The bidding process has been pretty consuming, but in a good way. It's been so pleasant to get a list of 90 cities, all with the nearing potential to be called home, and research the sh*t out of them. We have our favorites... and a few lesser favorites but we are signed on to go where we're needed and will do our best. I've decided that since I'm not working and gave up my career to go on this adventure, there will be a few stipulations. Such as: there is one place in Southern Africa that Cyn had to promise me that I could have a horse if we go there since she wants to bid it high. another few places that I will become a home brewer of beer and wine if we are sent there since they are dry, Muslim countries. and even a few that I may not be seen for 4 days as I will be on a scuba diving adventure with my new local friends who also don't work. It's also very possible that I will get a job either at the Embassy or on the local economy. We'll just have to see how long I can hold out.

I've also been elated since one of my best friends lives in NoVa. We've been able to hang out like old times and tool around the city together only now she has the addition of a little dude. It's been awesome to be able to spend time with her son (and wonderful hubby) and get to know the little animal so he understands from a very early age that I will be a part of his life forever. Much to Cyn's relief, this experience has bought a little time in the having a baby department as I have never known such exhaustion as having spent the day and night with a 2 year old boy.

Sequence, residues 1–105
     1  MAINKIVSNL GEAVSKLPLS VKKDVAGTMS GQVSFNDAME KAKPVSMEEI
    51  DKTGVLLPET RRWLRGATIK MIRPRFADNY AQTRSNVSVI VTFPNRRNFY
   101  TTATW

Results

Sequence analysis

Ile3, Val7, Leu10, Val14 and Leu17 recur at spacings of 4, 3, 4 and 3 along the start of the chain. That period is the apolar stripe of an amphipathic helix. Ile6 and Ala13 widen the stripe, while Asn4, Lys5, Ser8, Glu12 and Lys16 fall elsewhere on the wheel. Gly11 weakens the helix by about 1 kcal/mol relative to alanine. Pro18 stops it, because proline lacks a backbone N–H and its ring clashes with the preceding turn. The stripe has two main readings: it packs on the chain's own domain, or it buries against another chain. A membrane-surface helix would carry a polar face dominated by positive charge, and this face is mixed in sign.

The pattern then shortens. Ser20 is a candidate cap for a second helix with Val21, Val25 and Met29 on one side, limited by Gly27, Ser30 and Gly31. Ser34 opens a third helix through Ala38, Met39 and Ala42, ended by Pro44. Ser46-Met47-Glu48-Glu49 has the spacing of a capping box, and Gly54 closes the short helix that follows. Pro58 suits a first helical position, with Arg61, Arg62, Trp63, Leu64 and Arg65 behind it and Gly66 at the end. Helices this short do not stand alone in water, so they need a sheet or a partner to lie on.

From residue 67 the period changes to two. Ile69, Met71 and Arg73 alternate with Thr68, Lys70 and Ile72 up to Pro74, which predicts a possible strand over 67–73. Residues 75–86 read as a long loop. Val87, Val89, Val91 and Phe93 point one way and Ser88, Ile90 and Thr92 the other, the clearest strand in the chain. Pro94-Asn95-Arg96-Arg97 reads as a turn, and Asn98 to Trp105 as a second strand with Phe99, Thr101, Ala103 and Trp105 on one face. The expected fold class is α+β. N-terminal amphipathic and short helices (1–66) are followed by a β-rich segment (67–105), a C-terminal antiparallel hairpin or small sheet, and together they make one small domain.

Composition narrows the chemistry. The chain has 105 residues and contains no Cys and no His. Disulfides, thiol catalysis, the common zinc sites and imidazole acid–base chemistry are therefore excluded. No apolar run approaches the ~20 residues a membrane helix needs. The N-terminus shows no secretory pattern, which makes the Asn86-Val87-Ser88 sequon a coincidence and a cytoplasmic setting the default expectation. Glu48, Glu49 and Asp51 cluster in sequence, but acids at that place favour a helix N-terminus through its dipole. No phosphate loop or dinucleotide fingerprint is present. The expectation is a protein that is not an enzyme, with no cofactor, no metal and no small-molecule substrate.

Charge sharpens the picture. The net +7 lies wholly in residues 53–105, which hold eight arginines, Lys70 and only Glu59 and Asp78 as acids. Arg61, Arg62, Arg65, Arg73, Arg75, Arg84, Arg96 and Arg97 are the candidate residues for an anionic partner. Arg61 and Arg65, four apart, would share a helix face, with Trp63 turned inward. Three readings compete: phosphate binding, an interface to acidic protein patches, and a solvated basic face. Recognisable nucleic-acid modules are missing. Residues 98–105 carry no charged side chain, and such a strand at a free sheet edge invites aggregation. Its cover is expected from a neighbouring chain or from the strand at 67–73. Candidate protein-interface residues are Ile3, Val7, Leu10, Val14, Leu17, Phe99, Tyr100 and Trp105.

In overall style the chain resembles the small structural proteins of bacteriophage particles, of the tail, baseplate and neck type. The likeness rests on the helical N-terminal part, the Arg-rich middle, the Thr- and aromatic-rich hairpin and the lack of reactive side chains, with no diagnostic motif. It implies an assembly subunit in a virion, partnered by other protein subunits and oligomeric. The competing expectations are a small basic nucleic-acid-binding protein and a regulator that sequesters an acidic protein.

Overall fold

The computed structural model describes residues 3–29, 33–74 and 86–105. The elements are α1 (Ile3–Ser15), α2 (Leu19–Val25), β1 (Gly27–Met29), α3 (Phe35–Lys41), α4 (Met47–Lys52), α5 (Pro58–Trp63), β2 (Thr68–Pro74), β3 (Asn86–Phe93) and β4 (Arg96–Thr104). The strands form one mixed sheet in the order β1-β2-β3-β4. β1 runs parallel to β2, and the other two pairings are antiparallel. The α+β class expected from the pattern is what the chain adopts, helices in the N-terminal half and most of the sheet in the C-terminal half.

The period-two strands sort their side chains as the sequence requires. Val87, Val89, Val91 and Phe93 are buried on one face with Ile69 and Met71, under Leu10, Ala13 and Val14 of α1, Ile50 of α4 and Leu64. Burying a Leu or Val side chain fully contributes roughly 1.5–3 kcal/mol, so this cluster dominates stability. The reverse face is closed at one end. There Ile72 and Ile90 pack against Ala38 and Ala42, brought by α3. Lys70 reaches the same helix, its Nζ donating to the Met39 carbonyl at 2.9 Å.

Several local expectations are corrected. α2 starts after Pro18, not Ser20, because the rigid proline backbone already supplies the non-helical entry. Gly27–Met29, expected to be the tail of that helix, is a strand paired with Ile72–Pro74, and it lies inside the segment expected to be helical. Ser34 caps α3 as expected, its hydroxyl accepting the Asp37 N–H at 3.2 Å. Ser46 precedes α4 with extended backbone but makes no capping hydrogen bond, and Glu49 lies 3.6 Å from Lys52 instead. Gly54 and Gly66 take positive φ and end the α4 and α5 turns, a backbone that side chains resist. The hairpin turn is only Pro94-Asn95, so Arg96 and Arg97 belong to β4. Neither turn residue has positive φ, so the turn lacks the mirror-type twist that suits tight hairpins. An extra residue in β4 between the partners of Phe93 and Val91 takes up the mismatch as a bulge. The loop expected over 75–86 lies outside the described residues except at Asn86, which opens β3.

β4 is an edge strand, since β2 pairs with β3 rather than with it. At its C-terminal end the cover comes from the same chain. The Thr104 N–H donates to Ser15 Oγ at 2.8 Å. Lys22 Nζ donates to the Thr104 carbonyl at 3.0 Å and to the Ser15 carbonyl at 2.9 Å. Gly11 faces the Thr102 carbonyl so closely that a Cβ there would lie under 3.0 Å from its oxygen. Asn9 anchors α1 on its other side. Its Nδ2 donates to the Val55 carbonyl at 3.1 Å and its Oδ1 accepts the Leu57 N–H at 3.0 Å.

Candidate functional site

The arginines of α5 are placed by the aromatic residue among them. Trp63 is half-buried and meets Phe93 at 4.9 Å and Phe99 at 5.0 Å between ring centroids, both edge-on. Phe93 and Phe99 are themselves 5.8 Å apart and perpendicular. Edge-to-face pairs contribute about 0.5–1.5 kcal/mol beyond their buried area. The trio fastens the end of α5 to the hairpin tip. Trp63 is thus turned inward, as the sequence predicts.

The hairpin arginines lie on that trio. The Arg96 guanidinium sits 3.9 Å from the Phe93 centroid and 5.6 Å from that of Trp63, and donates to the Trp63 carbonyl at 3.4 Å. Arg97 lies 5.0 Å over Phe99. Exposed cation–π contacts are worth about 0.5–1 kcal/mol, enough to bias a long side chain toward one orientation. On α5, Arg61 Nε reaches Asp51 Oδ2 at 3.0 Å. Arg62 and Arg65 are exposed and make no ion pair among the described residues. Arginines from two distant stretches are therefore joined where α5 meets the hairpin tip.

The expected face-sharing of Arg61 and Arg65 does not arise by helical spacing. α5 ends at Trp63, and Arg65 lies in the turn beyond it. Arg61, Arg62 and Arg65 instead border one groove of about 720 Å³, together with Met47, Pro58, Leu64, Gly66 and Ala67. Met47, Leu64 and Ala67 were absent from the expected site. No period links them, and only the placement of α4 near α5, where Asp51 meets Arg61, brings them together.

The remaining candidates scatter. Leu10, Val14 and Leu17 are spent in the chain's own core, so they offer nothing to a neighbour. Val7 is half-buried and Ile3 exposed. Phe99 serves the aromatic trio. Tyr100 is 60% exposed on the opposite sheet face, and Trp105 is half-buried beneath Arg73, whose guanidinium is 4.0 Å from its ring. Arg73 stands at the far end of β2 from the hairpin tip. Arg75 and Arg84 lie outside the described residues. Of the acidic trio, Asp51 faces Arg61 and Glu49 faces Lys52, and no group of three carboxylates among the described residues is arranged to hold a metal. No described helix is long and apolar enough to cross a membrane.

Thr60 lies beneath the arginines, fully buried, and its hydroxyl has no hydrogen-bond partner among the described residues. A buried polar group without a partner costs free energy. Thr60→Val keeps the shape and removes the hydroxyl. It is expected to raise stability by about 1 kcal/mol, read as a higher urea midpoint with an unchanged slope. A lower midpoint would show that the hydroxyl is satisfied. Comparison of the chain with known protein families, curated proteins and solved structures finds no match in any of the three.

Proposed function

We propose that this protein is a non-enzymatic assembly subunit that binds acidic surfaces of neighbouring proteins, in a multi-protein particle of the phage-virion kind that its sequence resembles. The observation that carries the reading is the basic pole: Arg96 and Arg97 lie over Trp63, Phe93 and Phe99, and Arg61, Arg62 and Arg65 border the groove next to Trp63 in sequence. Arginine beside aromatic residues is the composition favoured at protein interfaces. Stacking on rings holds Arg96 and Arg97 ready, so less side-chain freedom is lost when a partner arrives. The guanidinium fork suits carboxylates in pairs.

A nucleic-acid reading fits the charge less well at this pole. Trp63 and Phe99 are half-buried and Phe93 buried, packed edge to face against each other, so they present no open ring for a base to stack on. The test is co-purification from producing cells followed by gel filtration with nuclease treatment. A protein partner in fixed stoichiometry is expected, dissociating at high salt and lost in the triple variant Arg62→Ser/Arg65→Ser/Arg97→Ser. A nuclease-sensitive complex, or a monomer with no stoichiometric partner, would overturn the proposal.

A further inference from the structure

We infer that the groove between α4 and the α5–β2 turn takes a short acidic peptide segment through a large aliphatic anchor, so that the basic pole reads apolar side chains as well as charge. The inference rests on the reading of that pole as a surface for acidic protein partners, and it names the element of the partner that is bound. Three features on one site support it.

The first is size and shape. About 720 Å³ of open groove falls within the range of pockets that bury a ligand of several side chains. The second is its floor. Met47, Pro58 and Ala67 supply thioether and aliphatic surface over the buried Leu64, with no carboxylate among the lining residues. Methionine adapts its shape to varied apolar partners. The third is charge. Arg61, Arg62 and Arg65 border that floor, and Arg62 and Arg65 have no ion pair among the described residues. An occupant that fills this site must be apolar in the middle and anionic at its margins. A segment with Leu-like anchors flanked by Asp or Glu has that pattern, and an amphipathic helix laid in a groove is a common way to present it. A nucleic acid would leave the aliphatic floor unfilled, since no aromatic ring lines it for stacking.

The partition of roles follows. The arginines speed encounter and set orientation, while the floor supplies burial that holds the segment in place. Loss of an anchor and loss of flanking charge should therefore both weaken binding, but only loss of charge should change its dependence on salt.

for the birds

Cyn got us through the first 3 days of our journey cross country so I will try to bring up the rear.

Wyoming continued to be breathtakingly beautiful, Nebraska was just as boring as we thought it would be...with one small caveat. The freeways between these lovely states are 75 mph, which means we were flying along at 85 on cruise control listening to a total of 4 books on tape (David Sedaris had me in such a fit of hysterical giggles at one point that Cyn had to pause it and I nearly had to pull over for fear of crashing with the tears in my eyes obstructing my vision). We hit bugs in the multi-millions, butterflies were close behind in the thousands, but what really put a damper on our day was the bird. Cyn didn't even know we hit it since she played Hearts on the iPad pretty much the entire time I wouldn't let her drive. But I saw it coming, braced for it and said a little prayer to the universe that it wouldn't hit the windshield, and nailed it with the bumper.   We heard a loud thump!  I made a low groan and Cyn woke up with, "what happened? what's wrong? what was that?!" Guts and feathers were making their way over the roof of the car past the glass in front. We shivered for a few minutes then managed to forget about it for the most part.

When we arrived in Lincoln, NE we hoped that the bird had been forced by the wind to escape off the side. Figured we could even pretend that it could have possibly lived. We dared each other to go and look at the front. I went first and just prayed that there wouldn't be a smell; I knew I would throw up and we had just eaten our first decent meal in days. The bird's cadaver was glued to the front of the car  and we hopped around, squealing about who was going to do what and just what in the hell to do. We decided to check in to the hotel and figure out what to do after.  Here's a gruesome picture of the car: